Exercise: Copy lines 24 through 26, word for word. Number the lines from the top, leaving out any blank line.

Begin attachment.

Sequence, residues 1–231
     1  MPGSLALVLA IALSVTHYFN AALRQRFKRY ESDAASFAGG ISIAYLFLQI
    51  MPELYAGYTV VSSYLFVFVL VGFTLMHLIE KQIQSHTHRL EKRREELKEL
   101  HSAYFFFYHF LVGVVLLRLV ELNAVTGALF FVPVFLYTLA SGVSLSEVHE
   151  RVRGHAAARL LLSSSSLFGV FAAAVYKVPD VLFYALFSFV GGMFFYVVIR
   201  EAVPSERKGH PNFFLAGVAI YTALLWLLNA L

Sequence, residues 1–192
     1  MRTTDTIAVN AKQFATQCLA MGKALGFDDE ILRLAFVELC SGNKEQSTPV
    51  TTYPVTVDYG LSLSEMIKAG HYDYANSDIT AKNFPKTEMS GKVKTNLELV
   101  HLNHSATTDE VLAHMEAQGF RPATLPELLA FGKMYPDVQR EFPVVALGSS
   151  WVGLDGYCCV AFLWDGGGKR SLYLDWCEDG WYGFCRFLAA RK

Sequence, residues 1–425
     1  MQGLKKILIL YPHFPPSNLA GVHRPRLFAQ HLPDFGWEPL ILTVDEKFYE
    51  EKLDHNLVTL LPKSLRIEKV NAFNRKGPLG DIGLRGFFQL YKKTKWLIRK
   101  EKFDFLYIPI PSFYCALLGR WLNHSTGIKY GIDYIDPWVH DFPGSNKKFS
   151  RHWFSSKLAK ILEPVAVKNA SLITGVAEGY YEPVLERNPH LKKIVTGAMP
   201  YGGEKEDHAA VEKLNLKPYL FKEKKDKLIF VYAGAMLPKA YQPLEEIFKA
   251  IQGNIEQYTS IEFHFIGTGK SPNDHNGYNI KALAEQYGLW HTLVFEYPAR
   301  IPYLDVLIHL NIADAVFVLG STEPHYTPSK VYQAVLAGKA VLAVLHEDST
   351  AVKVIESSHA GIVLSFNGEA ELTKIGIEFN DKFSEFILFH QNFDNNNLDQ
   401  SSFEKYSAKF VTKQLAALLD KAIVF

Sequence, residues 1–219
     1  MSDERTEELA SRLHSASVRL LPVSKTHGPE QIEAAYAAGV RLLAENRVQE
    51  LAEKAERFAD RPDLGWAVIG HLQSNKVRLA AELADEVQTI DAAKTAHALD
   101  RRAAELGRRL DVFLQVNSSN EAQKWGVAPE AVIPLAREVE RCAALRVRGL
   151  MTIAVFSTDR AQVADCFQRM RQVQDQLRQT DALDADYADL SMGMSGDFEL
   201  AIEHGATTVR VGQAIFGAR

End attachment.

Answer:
    51  LAEKAERFAD RPDLGWAVIG HLQSNKVRLA AELADEVQTI DAAKTAHALD
   101  RRAAELGRRL DVFLQVNSSN EAQKWGVAPE AVIPLAREVE RCAALRVRGL
   151  MTIAVFSTDR AQVADCFQRM RQVQDQLRQT DALDADYADL SMGMSGDFEL